With No Front-runner in Sight, Outcome of Papal Conclave Is Anybody's Guess

As 115 cardinals prepare to lock themselves into the Sistine Chapel until the longed-for white smoke signals the election of a new pope, speculation over the leading candidates mounts.

Anshel Pfeffer
Anshel Pfeffer
Anshel Pfeffer
Anshel Pfeffer

VATICAN CITY - One hundred and fifteen cardinals will proceed Tuesday into the Sistine Chapel and take a vow not to reveal any detail from the conclave. They will hear a meditation from one of the elder cardinals, who is not voting because of his age, over eighty, and will sit down to write, on paper, the name of their preferred next pope.

A decision is not expected Tuesday, as no candidate will probably receive the necessary two-thirds majority. The cardinals will continue to a long night of prayer and meditation and return to the chapel on Wednesday for more rounds of balloting.

Each day of the conclave will have at most four rounds of votes. A cardinal or other member of the church leaking any detail is threatened with excommunication, but the Vatican is not leaving anything to chance. Electronic jamming devices have been placed around the chapel to prevent even a text message getting out.

Unlike the conclave of 2005, when Joseph Ratzinger was the front-runner from the first round of voting, there is no consensus candidate this time. Ratzinger, who was elected pope and took the name Benedict XVI, shocked the Roman Catholic Church last month with his resignation,

The Church faces multiple crises: plummeting numbers of believers, challenges from Islamist and evangelical rivals, a series of scandals in the Vatican Bank, bureaucratic dysfunction and of course thousands of allegations of sexual abuse by priests.

Benedict was a man of the establishment, an admired theologian but not a pope capable of shaking up the Vatican and dragging it into the 21st Century. The Church's global spread and the suspicion and anger towards the Curia, the Vatican's inner hierarchy, have brought about a situation where there is no one influential bloc powerful enough to ensure the selection of any particular candidate, especially not in a period when, for the first time, there are voluble voices calling for a non-European pope.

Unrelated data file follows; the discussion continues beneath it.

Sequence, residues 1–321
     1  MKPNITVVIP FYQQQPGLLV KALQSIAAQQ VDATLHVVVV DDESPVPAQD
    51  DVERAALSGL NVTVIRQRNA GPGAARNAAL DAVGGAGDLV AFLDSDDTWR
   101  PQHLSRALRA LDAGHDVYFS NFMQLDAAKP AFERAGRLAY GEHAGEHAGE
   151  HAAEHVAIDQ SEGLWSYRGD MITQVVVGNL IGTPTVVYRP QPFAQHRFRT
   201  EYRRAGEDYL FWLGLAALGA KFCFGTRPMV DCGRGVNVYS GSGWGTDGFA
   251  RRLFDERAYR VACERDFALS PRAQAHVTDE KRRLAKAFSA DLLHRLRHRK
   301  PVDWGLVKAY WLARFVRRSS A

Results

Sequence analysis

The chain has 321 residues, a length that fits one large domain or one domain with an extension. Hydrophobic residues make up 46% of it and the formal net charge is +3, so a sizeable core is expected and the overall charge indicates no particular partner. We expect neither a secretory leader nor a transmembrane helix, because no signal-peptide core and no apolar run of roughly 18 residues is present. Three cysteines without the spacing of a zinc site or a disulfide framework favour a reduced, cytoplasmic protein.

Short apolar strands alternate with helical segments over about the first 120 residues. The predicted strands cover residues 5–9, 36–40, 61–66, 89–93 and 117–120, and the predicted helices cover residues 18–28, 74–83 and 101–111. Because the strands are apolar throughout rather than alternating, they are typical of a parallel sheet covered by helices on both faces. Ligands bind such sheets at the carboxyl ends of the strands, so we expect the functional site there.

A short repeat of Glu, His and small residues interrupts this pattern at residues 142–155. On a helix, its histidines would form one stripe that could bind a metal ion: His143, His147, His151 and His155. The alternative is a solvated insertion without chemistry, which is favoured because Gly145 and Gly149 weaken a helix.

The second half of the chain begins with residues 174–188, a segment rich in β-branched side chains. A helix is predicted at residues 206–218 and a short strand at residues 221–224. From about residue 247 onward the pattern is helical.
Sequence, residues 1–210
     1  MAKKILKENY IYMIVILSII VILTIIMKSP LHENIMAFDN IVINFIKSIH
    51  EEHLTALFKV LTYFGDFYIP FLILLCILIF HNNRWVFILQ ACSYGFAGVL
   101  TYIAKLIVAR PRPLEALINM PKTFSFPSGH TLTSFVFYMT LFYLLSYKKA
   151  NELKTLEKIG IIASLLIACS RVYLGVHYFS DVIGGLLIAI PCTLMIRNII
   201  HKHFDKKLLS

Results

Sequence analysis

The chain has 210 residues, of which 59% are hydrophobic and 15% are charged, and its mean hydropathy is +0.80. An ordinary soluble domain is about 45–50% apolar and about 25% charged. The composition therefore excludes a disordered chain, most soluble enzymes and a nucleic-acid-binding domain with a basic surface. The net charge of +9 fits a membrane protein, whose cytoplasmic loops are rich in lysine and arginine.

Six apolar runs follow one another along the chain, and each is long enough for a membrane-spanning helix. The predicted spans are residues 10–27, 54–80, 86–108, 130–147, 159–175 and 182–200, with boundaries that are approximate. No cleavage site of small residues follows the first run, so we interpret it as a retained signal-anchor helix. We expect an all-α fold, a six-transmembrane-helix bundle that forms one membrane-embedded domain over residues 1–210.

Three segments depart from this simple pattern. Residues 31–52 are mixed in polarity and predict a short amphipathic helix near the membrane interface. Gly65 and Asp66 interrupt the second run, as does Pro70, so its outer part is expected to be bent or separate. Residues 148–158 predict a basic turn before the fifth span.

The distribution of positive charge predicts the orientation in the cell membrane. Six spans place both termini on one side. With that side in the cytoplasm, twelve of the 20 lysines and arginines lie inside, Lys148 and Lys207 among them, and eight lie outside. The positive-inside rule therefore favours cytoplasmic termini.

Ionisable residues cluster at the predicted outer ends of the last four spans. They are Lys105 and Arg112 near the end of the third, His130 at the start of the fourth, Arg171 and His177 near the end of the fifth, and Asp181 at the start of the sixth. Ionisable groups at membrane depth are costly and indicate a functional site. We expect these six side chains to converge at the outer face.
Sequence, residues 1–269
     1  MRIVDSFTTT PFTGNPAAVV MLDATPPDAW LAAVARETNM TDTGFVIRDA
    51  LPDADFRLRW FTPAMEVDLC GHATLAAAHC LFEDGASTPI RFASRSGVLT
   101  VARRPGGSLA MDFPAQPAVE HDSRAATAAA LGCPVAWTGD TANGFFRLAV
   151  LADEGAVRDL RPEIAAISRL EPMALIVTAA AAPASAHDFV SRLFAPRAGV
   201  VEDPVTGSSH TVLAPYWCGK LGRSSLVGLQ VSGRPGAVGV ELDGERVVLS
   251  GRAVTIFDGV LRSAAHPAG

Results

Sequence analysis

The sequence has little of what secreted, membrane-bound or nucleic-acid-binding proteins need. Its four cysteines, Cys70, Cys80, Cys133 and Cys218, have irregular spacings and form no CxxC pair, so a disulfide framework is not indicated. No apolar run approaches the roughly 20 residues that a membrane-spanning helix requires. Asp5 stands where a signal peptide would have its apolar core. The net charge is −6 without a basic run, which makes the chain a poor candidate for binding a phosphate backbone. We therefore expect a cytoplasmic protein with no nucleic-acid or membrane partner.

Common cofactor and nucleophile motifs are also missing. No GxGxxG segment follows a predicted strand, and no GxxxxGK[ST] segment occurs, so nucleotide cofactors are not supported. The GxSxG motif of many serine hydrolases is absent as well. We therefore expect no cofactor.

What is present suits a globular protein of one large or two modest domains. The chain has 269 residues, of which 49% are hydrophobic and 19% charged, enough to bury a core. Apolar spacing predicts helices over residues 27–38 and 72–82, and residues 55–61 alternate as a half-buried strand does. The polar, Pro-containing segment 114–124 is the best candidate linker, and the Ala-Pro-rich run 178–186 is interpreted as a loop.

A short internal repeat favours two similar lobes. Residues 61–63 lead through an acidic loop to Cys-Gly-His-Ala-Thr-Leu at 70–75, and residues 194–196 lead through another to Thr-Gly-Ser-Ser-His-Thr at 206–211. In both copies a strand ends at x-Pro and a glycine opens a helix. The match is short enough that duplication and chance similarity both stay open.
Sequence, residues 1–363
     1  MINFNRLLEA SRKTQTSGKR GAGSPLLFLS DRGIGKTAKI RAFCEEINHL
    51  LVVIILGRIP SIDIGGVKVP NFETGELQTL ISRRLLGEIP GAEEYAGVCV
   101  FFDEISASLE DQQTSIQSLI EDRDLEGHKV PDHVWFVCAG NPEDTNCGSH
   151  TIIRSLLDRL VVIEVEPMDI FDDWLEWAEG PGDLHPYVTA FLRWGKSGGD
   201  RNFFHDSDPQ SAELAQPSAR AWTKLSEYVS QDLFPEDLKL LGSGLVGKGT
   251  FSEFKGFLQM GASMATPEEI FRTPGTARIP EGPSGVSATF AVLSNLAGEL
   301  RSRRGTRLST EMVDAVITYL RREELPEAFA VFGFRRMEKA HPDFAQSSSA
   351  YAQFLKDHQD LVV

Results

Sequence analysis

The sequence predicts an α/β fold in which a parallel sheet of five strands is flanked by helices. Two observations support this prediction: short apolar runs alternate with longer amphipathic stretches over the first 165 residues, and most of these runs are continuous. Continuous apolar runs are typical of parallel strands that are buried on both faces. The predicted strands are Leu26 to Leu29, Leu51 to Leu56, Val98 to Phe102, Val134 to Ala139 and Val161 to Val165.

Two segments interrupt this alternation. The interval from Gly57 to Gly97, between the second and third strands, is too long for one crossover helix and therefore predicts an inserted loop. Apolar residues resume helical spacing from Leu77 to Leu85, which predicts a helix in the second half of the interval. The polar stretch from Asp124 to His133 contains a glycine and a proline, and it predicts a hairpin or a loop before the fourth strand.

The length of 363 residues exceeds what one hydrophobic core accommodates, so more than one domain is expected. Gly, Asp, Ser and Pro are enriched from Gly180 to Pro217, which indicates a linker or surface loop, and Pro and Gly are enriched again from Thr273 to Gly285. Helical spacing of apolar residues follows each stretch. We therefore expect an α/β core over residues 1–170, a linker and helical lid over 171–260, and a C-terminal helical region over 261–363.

Italy is still the most represented country, with 28 cardinals, but their increasing weakness coupled with the hostility toward the Curia, could cause, for the third time in a row, the election of a non-Italian as pope - after the German Benedict and the Polish John Paul II.

Nevertheless, Cardinal Angelo Scola, the Archbishop of Milan, is still considered a leading candidate due to the still considerable power of the establishment. But Scola will face challenges from other strong candidates representing the important communities of the United States and Latin America.

On the other hand, despite talks of the first black or Asian pope, the talk in Rome is that the chances of Ghana's Cardinal Peter Turkson or Cardinal Luis Antonio Tagle of the Philippines are slim: the church in Africa and in Asia is still seen as insufficiently developed to produce a pope. Perhaps next century.

The two-thirds majority vote requirement - 77 cardinals - has led to the prediction that it will take at least two days to elect a pope, though it is thought that the conclave will end this week as the cardinals are anxious to return to their communities for Easter.

The candidates who receive the most votes in the first round may well discover on the second day an insurmountable bloc of opposition, leading to the election of a third candidate. One dominant scenario is Scola and Cardinal Odilo Scherer, Archbishop of Sao Paulo, coming top in the first round but being replaced as front-runners by Canadian Cardinal Marc Ouellet or Archbishop of New York Timothy Dolan on Wednesday.

Even the most veteran Italy hands, the vaticanisti, admit that it is almost impossible to predict this conclave and the pope could be one of a dozen papabili, or cardinals who could be pope.

Whoever is elected faces a rough time of upheaval in the church. Many expect that the new pope will replace hundreds of senior officials, signaling to the world's 1.2 billion Catholics a period of renewal - but not any major theological changes on issues such as celibacy for priests, ordination of women, birth control or homosexuality. All the candidates were appointed cardinals by arch-conservatives Benedict XVI and John Paul II, and theological changes would cause shock and schism in the Church.